Canada's lawyers mount constitutional challenge to mandatory disclosure regime
The rules, enacted as part of Bill C-47 in June this year, require taxpayers, promoters and advisors including legal professionals to report to the government information in respect of certain tax avoidance transactions with which they are involved, on pain of heavy penalties. They apply to transactions entered into after 22 June 2023, but reporting will be required where the taxpayer signed up before that date to make 'notifiable transactions' and 'reportable uncertain tax treatments'.
However, Canadian lawyers are concerned that the MDR rules could give rise to conflicts of interest between legal counsel and their clients, with lawyers having to comply with a law that could conflict with the professional duties of confidentiality they owe to their clients.
The petition, filed on 11 September by the Federation of Law Societies of Canada (FLSC) in the Supreme Court of British Columbia, seeks to exempt legal professionals from the rules. A hearing on this application has been scheduled for 20 October. Meanwhile, the FLSC is also requesting an injunction suspending the application of the rules to lawyers until the Supreme Court decides the issue, though Canada's federal government has already agreed to a consent injunction respecting this moratorium throughout Canada until at least 20 November.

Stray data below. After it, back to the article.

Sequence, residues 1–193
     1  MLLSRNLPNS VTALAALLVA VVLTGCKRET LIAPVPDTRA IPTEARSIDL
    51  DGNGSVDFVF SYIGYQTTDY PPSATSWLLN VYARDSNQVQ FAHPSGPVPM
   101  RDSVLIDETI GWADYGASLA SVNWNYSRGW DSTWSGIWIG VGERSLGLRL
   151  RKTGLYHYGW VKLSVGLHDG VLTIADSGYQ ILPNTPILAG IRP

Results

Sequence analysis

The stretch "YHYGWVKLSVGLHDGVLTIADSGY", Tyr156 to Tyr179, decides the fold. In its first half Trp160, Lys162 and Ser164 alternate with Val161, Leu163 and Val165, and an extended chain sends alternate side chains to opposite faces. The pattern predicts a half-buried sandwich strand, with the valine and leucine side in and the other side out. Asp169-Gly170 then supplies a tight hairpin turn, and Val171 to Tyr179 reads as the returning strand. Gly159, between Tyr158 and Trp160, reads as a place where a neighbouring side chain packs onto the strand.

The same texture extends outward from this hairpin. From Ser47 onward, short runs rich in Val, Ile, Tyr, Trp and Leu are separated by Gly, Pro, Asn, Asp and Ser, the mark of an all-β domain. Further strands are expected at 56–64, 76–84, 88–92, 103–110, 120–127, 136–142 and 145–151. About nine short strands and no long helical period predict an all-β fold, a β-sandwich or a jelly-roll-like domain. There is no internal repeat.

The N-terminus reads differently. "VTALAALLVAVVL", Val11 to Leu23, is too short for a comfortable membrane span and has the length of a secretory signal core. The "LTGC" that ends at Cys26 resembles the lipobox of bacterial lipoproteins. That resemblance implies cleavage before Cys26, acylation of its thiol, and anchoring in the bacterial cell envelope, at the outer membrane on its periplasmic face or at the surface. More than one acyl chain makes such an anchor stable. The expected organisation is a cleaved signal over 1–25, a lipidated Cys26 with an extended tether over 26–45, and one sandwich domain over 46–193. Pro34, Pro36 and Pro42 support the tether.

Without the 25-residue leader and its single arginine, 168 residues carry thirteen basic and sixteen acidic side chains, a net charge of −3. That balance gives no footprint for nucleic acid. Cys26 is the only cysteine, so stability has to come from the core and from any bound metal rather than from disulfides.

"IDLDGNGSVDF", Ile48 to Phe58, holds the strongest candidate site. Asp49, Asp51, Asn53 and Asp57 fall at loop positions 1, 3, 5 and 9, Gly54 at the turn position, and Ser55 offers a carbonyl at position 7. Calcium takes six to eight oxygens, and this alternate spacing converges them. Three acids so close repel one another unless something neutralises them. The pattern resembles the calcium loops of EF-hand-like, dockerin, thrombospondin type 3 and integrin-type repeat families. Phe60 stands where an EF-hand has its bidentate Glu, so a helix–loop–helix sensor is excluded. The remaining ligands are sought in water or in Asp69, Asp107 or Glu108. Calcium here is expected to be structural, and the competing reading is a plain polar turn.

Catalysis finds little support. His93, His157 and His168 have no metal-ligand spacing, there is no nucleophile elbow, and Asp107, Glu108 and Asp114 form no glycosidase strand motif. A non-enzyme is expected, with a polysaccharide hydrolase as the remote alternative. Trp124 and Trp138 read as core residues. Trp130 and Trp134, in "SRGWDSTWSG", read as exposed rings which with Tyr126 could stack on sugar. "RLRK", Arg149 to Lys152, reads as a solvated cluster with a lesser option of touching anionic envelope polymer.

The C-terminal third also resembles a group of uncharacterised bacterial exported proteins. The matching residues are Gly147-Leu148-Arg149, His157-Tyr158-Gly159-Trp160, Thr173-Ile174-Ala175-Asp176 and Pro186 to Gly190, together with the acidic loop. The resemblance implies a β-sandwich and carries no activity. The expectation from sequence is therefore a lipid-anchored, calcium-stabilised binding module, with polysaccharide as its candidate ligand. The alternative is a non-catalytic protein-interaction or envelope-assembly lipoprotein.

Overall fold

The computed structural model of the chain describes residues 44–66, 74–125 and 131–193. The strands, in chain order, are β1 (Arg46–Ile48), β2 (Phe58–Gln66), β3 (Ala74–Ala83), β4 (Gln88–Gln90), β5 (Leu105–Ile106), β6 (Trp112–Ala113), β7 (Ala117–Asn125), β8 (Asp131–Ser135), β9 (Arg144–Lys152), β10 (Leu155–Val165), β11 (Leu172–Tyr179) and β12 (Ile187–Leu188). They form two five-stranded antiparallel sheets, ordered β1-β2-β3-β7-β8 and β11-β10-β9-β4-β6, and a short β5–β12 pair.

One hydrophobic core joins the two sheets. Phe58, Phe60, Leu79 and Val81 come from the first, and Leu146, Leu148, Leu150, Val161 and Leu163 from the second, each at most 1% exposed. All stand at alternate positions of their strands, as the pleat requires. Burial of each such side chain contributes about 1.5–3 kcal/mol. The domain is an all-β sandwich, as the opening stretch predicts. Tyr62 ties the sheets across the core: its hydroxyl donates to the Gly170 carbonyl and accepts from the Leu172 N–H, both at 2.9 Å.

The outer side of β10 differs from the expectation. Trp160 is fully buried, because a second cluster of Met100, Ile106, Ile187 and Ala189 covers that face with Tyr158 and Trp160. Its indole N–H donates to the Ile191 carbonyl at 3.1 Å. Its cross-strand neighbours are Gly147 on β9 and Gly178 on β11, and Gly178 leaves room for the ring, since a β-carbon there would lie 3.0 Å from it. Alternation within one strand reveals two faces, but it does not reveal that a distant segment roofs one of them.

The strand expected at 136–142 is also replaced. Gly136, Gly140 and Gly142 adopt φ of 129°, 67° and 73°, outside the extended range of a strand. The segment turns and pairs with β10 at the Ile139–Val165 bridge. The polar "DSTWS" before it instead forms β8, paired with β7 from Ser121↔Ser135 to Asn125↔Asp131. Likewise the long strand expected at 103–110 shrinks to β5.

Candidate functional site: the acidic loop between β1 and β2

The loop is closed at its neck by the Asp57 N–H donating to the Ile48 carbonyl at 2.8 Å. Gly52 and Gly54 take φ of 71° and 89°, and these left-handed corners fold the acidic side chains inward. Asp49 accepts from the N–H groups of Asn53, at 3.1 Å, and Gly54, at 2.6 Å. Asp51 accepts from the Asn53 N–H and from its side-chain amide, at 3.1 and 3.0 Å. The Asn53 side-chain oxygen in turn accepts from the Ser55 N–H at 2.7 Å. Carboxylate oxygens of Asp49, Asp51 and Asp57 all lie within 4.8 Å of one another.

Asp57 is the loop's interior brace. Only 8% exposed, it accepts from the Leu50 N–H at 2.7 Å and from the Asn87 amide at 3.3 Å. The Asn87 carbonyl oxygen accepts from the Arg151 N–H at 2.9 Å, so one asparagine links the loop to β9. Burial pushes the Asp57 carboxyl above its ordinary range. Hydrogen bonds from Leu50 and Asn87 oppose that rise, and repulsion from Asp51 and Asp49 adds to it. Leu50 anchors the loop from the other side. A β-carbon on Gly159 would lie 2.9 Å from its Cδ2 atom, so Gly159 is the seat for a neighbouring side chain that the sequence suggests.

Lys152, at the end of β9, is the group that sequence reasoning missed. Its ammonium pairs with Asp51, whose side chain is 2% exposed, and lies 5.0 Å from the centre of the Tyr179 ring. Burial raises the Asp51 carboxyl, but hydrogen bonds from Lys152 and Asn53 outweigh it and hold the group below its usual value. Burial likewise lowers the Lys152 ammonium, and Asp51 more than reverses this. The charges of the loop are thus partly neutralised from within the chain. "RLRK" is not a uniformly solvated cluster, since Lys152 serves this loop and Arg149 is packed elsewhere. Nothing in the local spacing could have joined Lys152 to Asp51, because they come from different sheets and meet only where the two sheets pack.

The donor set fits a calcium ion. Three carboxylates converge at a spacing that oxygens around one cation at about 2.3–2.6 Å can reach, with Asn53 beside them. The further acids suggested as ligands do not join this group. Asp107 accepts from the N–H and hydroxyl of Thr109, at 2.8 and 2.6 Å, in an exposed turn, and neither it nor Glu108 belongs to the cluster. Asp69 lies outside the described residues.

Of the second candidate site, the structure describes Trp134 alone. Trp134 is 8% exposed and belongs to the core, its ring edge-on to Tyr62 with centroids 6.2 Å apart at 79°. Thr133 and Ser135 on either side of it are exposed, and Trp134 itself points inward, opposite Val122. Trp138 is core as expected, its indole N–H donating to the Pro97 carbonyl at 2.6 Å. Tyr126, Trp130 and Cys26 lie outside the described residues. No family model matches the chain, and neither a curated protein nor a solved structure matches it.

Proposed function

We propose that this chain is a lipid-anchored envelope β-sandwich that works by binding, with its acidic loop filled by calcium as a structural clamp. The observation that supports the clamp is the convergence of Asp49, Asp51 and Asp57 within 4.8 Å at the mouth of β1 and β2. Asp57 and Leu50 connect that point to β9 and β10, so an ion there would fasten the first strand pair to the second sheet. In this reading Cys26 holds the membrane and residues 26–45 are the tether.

The FLSC says the case raises many of the same issues involved in its successful challenge to the Proceeds of Crime (Money Laundering) and Terrorist Financing Act in 2015.
A similar challenge was made by European lawyers to corresponding provisions in the EU DAC6 directive. In December 2022, the European Court of Justice agreed that the measure breached the right to legal professional privilege (ECJ C-694/20).
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